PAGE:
Idyllic Zanzibar to the iconic Serengeti



Serengeti: The Wildebeest Migration in all its glory

Ngorongoro Crater: Some of the easiest game spotting in Africa

Zanzibar: A magical island of spices, sunsets and culture


Dry SeasonJuly to October

Green SeasonNovember to April

Shoulder SeasonApril to May


We’ve put together all the information you need to prepare for your trip to Tanzania


Where to start with all the reasons to visit Tanzania? If the safari bug has bitten you, then ticking off the Serengeti, Ngorongoro Crater and Selous (or Nyerere National Park) is a no-brainer. This is Big Sky country and the amazing wildlife experience brought to you by Swahili guides is nothing short of intoxicating. The Serengeti hosts the bulk of the Wildebeest Migration as they return from Kenya in about November and stay in Tanzania until midyear, rutting, mating, giving birth and crossing rivers filled with hippos and crocodiles in the space of a few months. The timing of river crossings is totally unpredictable as the blue gnu might mass on the riverbank and swim across immediately, or hang around for days, keeping safari goers on tenterhooks.

Then there’s the less well beaten track. Returning visitors can take in Ruaha with such low visitor numbers you can have sightings all to yourself. Hikers might want to tackle Mount Kilimanjaro, which rises to the same level as Everest’s base camp from the surrounding grasslands. Lake Manyara gives birders a treat with thousands of candy-floss pink flamingos living on its shoreline. Make your way to remote Rubondo Island where you can see habituated chimpanzees (get fit – chimps move quickly!). To the west, Katavi also offers game viewing without the crowds. For non-motorised water sports and seasonal swimming with whale sharks, Pemba and Mafia Islands off the east coast cannot be beaten.


My love of Tanzania started with a spontaneous trip to Zanzibar where I was thrilled by the history, culture, beaches and unmistakably spiced air. Next I scaled Kilimanjaro, Africa’s highest point and the world’s largest free-standing mountain. The south is under-explored and I’ve been lucky enough to travel through Ruaha and Nyerere, and do conservation work in the Usanga wetlands. The ultimate Tanzanian bucket-list item is definitely trekking chimpanzees on Rubondu Island!


Here are our favourite Tanzania Itineraries to inspire you. All of our itineraries can be tailored to meet your specific requirements.

Premium itineraries

Camps and lodges that surpass the bar when it comes to unusual activities, extra-special amenities and stand-out design.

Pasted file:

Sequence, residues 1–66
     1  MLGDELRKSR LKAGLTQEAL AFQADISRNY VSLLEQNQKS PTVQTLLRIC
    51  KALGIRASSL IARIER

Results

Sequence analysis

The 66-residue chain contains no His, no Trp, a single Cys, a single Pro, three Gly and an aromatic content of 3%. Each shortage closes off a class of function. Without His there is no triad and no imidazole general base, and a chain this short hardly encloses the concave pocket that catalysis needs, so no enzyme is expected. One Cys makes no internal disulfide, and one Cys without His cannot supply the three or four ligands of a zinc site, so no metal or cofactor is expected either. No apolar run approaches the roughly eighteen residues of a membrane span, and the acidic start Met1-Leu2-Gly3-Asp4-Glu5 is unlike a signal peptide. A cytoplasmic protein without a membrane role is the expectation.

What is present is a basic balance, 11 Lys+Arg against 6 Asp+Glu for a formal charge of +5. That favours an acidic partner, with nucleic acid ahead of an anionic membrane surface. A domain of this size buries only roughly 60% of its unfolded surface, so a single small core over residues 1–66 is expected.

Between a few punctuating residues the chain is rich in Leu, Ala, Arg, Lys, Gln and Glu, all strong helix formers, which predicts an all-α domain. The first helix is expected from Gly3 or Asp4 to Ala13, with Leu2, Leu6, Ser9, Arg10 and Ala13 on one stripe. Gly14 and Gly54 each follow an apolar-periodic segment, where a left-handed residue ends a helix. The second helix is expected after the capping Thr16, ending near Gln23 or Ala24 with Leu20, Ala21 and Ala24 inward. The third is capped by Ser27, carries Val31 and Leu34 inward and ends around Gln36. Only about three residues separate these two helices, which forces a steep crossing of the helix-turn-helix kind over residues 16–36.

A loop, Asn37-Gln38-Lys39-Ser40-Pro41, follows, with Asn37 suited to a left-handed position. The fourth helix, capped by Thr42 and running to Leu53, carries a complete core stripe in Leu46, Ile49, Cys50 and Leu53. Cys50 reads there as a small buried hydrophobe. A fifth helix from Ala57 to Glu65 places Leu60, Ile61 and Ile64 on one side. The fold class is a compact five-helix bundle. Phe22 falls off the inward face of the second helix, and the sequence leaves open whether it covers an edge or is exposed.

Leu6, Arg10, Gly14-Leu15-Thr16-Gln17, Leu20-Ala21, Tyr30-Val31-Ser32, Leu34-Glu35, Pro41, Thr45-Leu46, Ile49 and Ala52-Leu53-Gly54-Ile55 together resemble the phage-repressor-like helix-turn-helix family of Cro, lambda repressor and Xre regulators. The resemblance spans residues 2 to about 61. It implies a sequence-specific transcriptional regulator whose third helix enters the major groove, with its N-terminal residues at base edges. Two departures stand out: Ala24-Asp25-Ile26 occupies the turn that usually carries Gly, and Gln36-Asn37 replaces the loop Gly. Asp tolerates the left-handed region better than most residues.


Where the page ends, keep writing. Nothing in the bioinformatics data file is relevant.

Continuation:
Luxury itineraries

Exemplary accommodation that offers welcome touches that are a step up and provide an extra level of indulgence.

Comfortable itineraries

Very congenial surroundings with everything you need for an enjoyable safari grounded in tried-and-tested camps and lodges.



Even if you haven’t been yet, it’s not hard to picture the Serengeti: flat-topped acacia trees rise from the golden savannah, cheetah stalk the plains game, bateleur eagles catch the thermals, scanning for morsels down below. Add to this the noise, dust and smell of numerous mega-herds of blue wildebeest on their annual circular migration to follow grazing and water supplies, and you get a natural spectacle that is everything you ever imagined, and more. While the Serengeti is a national park open to the public, smaller surrounding conservancies offer a more private and exclusive experience.


Selous Game Reserve is now known as Nyerere National Park after Julius Nyerere, the first state president of Tanzania. Although the name is new, nothing else has changed: the biggest protected area on the continent still offers vast strongholds of game, especially concentrations of elephant. Because it is so vast (larger than Switzerland), it offers lots of different habitats and you can move between riverine forest, lakes and savannah. Its sheer size also means it’s a good idea to spend time in different parts of the park so you can experience as much as possible.


One of the bigger islands off the coast of Africa, Zanzibar is perfect for unwinding on the beach after your safari. After days of getting up at dawn, you can sleep late and then explore Jozani Forest, wander around the tiny alleyways of Stone Town and toast the sunset on Nungwi Beach. Also known as Unguja or the Spice Island, Zanzibar has an incredible aroma that envelops you while you’re still on the plane. The mingling of cloves, nutmeg, cinnamon, lemongrass and cardamom give it its own unmistakable signature scent. Private islands like Mnemba, Thanda and Chapwani will seduce honeymooners looking for something extra special.


A must-see on any northern circuit safari, the Crater or NCA (Ngorongoro Conservation Area) is jam-packed with animals. The reason? A rare coming together of an unbroken volcanic caldera with steep walls that keeps the game in, fertile soil fed by minerals from the ancient eruption that results in good grazing and lots of springs for water. Everyday is a panoply of predator-and-prey interaction with intense sightings in a small area. The caveat? Because it’s so popular, it can get busy so we’ll help you choose a lodge near the entrance gate so you can be among the first to arrive in the morning.



Here are a few of our favourite options to add to your Tanzania itinerary. These extensions are here for inspiration. We know that time is a precious commodity and we can tailor them to meet your requirements.


  • We are passionate about what we sell

  • The most competitive and flexible rates

  • We offer personalised and customised experiences

  • Our consultants specialise in different safari-experiences
  • We have over 10 years’ experience in the travel industry

  • Our quick response and turnaround times


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